Nanomaterial synthesis has gained widespread attention in personalized nanomedicine to offer promising treatments for combined therapy and diagnostics. Capable of disease detection, drug delivery, and tumor ablation, multifunctional nanoparticles can be carefully synthesized by the Turkevich method for various biomedical goals. In this study, superparamagnetic iron oxide (SPIO) nanoparticles coated with multiple gold layers were created by modifying gold and sodium citrate surfactant ratios for nanosphere size efficacy regarding physicochemical and optical properties. Transmission electron microscopy was used to characterize the uniform gold-SPIO nanoparticles (Au-SPIONs) with average diameters ranging from 13.1 - 27.6 nm, while UV-Vis spectroscopy calculated maximum surface plasmon resonance bands centered around ±523 nm. Photothermal therapy testing was then followed by irradiating 26 nm diameter Au-SPIONs with a 527 nm laser, and an elevated temperature of 47°C was reached within 8 minutes – optimal for selective tumor hyperthermia with minimal harm to healthy tissue. Nanoparticles (26 nm) were then cultured in triplicate with preosteoblast MC3T3 cells for cell viability assay to confirm non-cytotoxicity, and >99% of cells remained viable after 24 hours for all concentrations (10-80 µg/ml) tested. Data acquired supports the potential of magnetoplasmonic Au-SPIO nanoparticles with a core/shell structure for safe and cost-effective biomedical applications in non-invasive imaging, drug delivery, and localized photothermal therapy. Looking forward, nanoparticle functionalization with a neurotrophic growth factor will be completed to direct neuronal stem cell differentiation and tumor apoptosis for simultaneous neurodegenerative disease and brain cancer therapeutics.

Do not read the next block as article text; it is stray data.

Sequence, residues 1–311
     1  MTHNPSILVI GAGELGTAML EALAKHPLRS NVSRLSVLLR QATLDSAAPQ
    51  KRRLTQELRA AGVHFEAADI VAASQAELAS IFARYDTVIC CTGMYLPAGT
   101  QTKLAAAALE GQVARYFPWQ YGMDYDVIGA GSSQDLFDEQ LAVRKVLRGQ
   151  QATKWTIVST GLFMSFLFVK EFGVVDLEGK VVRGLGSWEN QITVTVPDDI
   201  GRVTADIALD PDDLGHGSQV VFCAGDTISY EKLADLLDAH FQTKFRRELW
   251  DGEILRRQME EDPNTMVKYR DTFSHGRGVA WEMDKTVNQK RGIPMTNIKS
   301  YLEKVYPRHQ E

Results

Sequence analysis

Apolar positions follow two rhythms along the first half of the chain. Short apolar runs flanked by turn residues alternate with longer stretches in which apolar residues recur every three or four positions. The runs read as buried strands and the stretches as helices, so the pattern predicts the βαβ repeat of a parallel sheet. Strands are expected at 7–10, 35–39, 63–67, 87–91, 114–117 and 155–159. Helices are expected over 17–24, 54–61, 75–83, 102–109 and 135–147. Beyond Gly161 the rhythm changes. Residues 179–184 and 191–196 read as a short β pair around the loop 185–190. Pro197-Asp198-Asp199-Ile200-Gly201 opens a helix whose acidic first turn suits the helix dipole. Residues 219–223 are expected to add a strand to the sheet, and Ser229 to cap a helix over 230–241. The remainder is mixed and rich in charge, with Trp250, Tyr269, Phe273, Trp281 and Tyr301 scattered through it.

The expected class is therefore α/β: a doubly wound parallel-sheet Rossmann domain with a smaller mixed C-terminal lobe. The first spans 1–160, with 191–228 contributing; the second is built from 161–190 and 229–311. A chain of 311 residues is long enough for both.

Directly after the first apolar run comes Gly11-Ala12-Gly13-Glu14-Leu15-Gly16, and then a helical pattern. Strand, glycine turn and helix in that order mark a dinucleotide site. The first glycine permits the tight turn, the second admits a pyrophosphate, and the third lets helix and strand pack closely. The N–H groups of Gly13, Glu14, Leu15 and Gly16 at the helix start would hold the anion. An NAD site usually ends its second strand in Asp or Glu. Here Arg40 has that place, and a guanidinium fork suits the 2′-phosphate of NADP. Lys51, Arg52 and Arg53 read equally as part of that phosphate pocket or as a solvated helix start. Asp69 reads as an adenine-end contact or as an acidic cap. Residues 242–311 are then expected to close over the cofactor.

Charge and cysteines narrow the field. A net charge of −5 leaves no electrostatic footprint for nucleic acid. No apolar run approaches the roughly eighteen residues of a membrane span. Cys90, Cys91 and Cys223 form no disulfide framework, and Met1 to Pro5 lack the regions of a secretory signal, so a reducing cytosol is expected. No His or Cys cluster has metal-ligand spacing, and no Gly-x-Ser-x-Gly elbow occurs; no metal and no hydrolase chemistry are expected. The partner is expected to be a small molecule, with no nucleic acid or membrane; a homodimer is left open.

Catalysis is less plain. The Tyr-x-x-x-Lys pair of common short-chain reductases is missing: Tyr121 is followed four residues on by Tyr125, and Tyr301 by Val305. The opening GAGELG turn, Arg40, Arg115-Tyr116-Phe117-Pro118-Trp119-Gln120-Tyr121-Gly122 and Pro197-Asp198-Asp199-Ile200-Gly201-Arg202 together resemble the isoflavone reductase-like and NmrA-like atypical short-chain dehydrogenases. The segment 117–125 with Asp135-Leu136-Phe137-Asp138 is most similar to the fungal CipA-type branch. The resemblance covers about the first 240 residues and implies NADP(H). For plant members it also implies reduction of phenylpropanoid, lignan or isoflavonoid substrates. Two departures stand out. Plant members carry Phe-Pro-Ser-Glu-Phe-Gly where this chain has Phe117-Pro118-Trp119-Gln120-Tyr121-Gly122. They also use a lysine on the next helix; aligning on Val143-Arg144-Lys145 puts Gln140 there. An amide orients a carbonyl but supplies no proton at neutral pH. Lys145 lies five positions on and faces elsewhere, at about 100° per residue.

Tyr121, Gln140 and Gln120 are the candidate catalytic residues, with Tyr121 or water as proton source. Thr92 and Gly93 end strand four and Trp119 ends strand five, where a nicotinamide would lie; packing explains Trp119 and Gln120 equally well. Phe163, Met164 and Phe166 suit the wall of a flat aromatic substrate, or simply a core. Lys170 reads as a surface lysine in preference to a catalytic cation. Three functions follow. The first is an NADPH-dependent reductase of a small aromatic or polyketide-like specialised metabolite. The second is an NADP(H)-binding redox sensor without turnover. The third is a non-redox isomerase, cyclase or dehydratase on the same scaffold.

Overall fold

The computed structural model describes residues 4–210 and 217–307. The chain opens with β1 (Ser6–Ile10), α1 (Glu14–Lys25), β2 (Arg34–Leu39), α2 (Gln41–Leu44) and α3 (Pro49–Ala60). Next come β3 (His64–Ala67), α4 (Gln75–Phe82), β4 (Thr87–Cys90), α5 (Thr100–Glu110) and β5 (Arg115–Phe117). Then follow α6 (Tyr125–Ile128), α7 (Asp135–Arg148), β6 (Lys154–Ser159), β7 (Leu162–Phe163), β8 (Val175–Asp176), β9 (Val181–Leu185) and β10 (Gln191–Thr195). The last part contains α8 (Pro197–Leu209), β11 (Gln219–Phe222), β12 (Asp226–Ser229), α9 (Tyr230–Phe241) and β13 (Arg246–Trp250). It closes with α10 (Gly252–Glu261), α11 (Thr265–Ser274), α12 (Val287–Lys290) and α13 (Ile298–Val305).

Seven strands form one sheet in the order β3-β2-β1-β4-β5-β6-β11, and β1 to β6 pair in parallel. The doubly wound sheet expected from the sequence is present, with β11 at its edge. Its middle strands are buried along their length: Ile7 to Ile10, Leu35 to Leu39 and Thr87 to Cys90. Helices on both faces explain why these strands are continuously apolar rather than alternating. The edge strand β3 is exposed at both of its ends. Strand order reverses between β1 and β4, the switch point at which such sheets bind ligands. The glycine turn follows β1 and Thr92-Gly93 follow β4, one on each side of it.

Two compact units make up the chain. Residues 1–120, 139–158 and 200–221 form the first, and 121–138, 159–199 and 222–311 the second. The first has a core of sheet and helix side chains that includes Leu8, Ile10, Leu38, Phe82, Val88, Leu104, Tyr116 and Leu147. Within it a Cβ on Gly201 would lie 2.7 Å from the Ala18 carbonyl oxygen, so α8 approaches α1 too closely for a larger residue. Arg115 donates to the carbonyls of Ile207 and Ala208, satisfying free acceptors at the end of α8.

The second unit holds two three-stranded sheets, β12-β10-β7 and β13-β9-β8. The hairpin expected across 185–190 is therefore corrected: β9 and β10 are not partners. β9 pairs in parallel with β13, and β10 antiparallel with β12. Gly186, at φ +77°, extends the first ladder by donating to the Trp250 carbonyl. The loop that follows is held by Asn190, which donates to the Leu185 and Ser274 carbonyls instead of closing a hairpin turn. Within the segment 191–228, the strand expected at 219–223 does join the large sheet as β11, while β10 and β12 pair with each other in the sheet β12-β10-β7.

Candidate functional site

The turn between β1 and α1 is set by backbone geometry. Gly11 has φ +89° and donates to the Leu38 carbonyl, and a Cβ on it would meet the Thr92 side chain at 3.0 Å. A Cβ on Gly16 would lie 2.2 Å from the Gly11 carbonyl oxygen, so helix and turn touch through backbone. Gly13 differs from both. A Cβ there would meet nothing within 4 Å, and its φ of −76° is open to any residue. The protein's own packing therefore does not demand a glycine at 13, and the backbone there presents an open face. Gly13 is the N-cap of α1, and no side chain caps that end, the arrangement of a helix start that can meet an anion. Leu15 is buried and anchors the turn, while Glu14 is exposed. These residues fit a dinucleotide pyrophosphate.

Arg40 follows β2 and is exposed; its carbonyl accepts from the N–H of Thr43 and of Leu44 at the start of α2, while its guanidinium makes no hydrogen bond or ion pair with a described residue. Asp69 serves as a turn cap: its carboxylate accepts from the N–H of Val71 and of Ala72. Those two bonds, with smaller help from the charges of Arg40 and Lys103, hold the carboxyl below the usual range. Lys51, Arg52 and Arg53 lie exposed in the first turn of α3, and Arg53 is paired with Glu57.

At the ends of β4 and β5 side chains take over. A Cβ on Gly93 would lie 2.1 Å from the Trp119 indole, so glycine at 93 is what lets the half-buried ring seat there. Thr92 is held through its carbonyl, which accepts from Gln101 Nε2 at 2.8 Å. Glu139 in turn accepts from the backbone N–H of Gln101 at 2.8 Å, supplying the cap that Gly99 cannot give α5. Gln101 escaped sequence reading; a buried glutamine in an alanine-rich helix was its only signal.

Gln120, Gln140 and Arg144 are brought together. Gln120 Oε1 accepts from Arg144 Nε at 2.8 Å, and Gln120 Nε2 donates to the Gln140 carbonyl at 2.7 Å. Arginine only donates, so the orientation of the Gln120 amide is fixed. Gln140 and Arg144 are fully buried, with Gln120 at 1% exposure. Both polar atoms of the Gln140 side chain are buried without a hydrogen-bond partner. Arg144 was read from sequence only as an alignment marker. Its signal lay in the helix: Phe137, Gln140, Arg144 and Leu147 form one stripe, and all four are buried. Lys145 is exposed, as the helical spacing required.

First Award of $5,000